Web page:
Letters: Division is poison, choose a better way
October 14, 2022
Politicians are sending us campaign literature. I ask of every sentence that comes my way: how shall I pick this sentence up? What shall I do with it? It seems as if our default assumption is that (declarative) sentences are about the natural world and therefore true or false; but if you pay attention, you’ll see that assumption is often false. If the speaker/writer doesn’t allow any way the sentence could be wrong, it’s not about the natural world and not a matter of truth or falsity.
It might be used to try to incite us to have a certain feeling or to do a certain thing — jump on a bandwagon. It might be so ambiguous you can’t really tell how to pick it up, what to do with it. There are other roles it might have, on this occasion of its use.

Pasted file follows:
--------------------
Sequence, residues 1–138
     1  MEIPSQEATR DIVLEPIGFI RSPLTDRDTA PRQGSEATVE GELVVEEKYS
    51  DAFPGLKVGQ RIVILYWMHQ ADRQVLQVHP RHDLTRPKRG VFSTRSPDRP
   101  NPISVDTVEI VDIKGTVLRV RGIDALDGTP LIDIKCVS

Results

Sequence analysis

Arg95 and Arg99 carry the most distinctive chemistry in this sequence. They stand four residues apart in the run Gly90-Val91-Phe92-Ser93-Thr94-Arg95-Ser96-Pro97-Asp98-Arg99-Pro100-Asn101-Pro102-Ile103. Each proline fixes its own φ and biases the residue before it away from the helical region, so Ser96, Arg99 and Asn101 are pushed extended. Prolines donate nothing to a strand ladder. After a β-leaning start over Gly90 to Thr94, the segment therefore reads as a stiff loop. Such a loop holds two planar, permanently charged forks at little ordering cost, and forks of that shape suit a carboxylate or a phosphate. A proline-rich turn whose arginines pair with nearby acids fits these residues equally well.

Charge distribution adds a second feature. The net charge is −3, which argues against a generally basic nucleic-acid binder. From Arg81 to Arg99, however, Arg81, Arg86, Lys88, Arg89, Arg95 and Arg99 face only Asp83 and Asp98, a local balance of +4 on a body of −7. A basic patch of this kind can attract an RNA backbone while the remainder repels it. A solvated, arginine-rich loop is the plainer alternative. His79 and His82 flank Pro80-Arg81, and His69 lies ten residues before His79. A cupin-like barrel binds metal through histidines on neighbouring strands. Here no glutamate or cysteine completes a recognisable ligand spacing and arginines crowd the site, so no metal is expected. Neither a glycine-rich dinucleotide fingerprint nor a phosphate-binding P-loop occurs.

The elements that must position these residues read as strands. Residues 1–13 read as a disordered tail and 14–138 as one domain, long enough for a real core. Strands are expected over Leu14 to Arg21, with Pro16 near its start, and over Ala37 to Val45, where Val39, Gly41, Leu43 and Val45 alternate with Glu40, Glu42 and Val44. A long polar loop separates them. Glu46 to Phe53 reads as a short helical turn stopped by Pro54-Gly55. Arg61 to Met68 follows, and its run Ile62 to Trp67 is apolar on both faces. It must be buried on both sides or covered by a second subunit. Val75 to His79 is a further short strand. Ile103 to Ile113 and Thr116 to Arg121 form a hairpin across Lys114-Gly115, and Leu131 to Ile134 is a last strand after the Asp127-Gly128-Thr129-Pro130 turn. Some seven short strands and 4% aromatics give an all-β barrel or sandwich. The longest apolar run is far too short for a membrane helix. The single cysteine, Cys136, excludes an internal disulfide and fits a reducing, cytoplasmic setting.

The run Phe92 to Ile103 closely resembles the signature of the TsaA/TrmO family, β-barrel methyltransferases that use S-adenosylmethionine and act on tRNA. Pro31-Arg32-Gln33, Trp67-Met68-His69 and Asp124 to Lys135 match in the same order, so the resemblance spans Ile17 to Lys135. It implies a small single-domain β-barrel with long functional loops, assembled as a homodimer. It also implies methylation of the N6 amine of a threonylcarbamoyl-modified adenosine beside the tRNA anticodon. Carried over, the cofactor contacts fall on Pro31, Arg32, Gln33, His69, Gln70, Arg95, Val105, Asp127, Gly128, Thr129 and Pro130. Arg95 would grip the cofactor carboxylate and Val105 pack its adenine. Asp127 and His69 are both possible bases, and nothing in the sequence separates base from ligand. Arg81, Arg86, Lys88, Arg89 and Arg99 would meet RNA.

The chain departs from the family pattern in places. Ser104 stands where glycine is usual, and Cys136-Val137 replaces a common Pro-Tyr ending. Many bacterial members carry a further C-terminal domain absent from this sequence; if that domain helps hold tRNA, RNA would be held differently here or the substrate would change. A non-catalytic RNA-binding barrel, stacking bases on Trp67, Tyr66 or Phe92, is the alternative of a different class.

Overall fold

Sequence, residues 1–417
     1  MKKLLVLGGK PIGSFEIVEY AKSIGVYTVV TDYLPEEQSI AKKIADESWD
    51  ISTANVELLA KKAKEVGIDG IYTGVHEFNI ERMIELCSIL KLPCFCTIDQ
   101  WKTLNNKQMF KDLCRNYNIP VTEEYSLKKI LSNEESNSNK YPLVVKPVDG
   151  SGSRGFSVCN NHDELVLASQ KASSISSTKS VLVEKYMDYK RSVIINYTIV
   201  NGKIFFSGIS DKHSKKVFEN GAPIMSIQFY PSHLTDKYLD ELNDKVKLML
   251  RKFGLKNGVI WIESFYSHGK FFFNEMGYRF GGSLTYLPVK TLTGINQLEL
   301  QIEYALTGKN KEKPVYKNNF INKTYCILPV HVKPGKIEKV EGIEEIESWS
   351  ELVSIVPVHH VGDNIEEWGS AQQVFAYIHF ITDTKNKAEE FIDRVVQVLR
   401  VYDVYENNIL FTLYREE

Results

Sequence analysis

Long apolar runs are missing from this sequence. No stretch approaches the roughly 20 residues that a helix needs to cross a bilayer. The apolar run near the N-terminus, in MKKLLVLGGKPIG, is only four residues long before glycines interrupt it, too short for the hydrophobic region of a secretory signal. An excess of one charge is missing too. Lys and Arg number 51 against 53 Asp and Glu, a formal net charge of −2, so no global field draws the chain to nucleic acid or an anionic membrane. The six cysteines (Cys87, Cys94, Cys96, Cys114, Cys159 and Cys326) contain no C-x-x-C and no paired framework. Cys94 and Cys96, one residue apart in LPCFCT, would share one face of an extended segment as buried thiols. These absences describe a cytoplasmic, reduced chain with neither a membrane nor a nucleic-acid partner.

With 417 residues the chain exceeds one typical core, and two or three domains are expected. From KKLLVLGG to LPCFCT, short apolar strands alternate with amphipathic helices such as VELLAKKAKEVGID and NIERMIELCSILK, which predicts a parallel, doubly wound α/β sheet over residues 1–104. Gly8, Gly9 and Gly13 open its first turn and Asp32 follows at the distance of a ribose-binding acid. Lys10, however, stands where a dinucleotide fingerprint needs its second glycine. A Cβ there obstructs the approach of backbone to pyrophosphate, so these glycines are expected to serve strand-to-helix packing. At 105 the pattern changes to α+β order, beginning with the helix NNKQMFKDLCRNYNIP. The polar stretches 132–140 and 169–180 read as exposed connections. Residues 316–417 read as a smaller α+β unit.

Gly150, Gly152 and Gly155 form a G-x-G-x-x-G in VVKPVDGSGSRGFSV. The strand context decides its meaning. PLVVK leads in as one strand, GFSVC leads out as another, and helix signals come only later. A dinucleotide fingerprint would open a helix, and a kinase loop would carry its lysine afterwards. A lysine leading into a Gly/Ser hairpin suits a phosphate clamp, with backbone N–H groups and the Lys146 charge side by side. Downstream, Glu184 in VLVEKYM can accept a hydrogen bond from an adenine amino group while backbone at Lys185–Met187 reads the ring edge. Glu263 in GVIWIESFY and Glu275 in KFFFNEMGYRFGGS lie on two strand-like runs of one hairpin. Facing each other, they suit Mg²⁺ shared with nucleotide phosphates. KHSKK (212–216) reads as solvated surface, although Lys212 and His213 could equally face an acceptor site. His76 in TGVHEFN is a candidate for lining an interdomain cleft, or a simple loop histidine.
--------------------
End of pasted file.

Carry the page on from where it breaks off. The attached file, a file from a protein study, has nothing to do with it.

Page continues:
If it’s being used to divide us, I don’t pick it up. I leave it alone. We’ve tried division — tribalism, loyalty to party above all else — and see it’s poison. “We are not enemies, but friends. We must not be enemies. Though passion may have strained, it must not break our bonds of affection. The mystic chords of memory, stretching from every battlefield, and patriot grave, to every living heart and hearthstone, all over this broad land, will yet swell the chorus of the Union, when again touched, as surely they will be, by the better angels of our nature.” President Abraham Lincoln, March 4, 1861 inaugural address.
Pete Radosevich tells us: “It’s not us versus Them, it’s us. All of us.” I count that sentence as ambiguous. But not divisive. Rather, an attempt to unite us — e pluribus unum — out of many, one.
Bruce Marshall, Kettle River